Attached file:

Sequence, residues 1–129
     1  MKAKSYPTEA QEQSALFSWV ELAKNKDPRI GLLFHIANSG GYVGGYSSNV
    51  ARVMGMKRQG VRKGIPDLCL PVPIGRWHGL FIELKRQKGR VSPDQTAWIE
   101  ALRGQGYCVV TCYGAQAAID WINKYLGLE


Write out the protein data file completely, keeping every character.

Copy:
Sequence, residues 1–129
     1  MKAKSYPTEA QEQSALFSWV ELAKNKDPRI GLLFHIANSG GYVGGYSSNV
    51  ARVMGMKRQG VRKGIPDLCL PVPIGRWHGL FIELKRQKGR VSPDQTAWIE
   101  ALRGQGYCVV TCYGAQAAID WINKYLGLE